There is definitely something he can do about it. He can file a
complaint with whatever government entity manages those lights. He
should then hound them periodically to make sure they come out and do
something about it. Finally, if time passes and they do nothing then
he should contact ARRL. The ARRL has an agreement with the FCC to
help resolve these types of issues. I've been waiting over 7 months
for my local utility to fix a powerline noise problem at my house.
About 1 month ago I contacted ARRL and within days the utility called
me up and came out to identify the problem and schedule a day to do
the repairs. They came out today to try to fix it, but the problem
was more severe than expected so they couldn't fix it today but they
promised to be back out "soon". We'll see if my definition of "soon"
and theirs is the same, but I'm hopeful. In fact, they said that the
secondary crossarm on the bad pole is so bad that it could just fall
of the pole at any time so they WANT to fix it ASAP.
BTW - The RFI expert at the utility told me to tell all my ham friends
to call the utility and report noisy poles because the utility no
longer does periodic inspections of their poles. They depend on
complaints (usually from hams) to find the poles that need repairs.
He told me that the pole I reported was DANGEROUS and could cause an
outage any day. The supervisor wouldn't let his guys climb the pole
because he was afraid that the crossarm would fall off while they were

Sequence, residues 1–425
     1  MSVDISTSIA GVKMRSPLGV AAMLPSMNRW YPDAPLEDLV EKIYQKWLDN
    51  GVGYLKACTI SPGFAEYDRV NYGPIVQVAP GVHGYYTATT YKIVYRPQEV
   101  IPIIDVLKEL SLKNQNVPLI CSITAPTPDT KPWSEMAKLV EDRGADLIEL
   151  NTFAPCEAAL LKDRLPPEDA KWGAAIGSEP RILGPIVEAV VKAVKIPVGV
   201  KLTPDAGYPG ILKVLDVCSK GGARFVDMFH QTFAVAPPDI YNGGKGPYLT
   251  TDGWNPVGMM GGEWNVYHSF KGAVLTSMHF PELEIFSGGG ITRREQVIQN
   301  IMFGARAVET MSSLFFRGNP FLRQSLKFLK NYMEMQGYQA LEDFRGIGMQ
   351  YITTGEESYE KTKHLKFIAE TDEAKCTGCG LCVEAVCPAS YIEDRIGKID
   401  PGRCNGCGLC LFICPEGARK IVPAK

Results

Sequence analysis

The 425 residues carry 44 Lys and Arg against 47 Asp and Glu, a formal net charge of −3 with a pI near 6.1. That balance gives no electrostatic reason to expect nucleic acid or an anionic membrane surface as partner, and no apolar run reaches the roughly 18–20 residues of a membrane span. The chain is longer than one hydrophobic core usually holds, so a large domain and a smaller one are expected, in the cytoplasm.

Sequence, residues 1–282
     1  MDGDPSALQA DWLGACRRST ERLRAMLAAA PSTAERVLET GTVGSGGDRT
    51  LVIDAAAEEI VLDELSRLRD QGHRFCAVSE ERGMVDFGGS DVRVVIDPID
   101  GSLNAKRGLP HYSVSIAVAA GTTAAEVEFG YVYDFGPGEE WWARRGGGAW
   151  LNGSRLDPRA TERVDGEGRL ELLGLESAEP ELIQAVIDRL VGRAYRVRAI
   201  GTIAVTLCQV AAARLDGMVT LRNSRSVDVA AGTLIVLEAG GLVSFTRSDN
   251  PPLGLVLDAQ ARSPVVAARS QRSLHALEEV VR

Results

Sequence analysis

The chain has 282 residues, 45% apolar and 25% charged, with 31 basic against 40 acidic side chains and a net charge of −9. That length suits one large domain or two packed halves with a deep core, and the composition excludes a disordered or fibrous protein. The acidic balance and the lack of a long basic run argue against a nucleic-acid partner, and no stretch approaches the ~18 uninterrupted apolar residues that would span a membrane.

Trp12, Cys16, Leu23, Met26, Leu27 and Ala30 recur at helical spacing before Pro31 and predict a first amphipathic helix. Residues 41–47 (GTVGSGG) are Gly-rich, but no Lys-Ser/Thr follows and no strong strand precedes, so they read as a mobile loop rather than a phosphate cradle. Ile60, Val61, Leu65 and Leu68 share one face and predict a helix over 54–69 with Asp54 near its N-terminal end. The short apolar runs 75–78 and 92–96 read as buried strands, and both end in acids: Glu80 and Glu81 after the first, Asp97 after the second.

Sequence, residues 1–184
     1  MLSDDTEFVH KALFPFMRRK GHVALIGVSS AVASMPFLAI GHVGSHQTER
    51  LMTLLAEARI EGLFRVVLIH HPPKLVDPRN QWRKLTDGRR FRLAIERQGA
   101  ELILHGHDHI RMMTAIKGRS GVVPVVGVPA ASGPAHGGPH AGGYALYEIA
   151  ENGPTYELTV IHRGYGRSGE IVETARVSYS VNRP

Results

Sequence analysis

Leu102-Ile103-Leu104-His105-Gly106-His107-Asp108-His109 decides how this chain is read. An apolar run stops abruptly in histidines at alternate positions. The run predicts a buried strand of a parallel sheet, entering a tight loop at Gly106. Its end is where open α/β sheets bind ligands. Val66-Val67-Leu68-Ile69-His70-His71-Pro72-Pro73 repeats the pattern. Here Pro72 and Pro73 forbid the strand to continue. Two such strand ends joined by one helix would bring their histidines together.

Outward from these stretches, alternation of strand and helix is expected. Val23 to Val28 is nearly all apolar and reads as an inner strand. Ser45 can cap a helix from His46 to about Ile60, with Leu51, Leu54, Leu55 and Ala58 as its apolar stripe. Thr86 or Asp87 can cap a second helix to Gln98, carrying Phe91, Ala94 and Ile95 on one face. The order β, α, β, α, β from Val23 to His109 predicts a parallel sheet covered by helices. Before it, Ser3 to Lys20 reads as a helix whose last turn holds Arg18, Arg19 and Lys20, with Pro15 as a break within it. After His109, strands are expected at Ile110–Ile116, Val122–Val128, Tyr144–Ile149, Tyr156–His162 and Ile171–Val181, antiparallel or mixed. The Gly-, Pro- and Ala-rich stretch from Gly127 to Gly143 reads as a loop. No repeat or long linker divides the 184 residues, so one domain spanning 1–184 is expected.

climbing. It was that bad. I know this isn't the same as the LED
traffic lights, but the point is that this stuff can be fixed. You
just have to convince someone that it is important that it be fixed.
If they refuse to do anything even after the ARRL does its thing then
the FCC CAN fine them. It wouldn't be the first time either :-)
On 12/14/07, Donald Chester <email@example.com> wrote:
> I live in the country with no traffic lights nearby, so this isn't a problem
> with me, but I keep hearing about RFI generated by the new l.e.d. traffic
> signals. Apparently, the noise is due to a switching power supply used to
> feed the lights, and the power line leading to the unit acting as an antenna.
> Someone I know has one of those LED stoplights about 100 yards from his
> house. It wipes out the AM BC Band when you are in the car sitting at the
> light, and he says he can hear it up and down the band and weaker signals on
> 75 and 160 at night are GONE. He figures there isn't anything he can do
> about it at all, except move.
> I wonder if anyone has checked to see if those led traffic lights have been
> certified to meet Part 15 standards. Since they are becoming ubiquitous in
> almost every city and town and there are traffic lights literally everywhere,
> this could grow into a major rfi problem that rivals or surpasses BPL.
> Perhaps the AM broadcast industry would get involved, since this stands to
> hurt them severely. Over 90% of the prime time radio audience during morning
> and evening hours is made up of commuters, and most listeners will simply
> switch over to FM if they start getting interference at every traffic light.
> This could become the death knell for AM broadcast radio, with its odds for
> survival already marginal at best. Those switching power supplies could
> easily be fixed with a little filtering. I'm not even sure that shielding
> would be required.
> This is a problem that needs to be addressed NOW before the overwhelming
> majority of traffic signals nationwide are replaced with noisy l.e.d. ones
> and the problem becomes impossible to remedy.
> Don k4kyv
> The best games are on Xbox 360. Click here for a special offer on an Xbox
> 360 Console.
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